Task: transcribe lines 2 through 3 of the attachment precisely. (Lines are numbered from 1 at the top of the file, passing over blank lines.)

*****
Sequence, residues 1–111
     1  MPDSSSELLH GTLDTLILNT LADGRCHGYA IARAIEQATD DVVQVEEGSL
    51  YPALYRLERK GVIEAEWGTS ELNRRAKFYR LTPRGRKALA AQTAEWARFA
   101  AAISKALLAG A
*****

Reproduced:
     1  MPDSSSELLH GTLDTLILNT LADGRCHGYA IARAIEQATD DVVQVEEGSL
    51  YPALYRLERK GVIEAEWGTS ELNRRAKFYR LTPRGRKALA AQTAEWARFA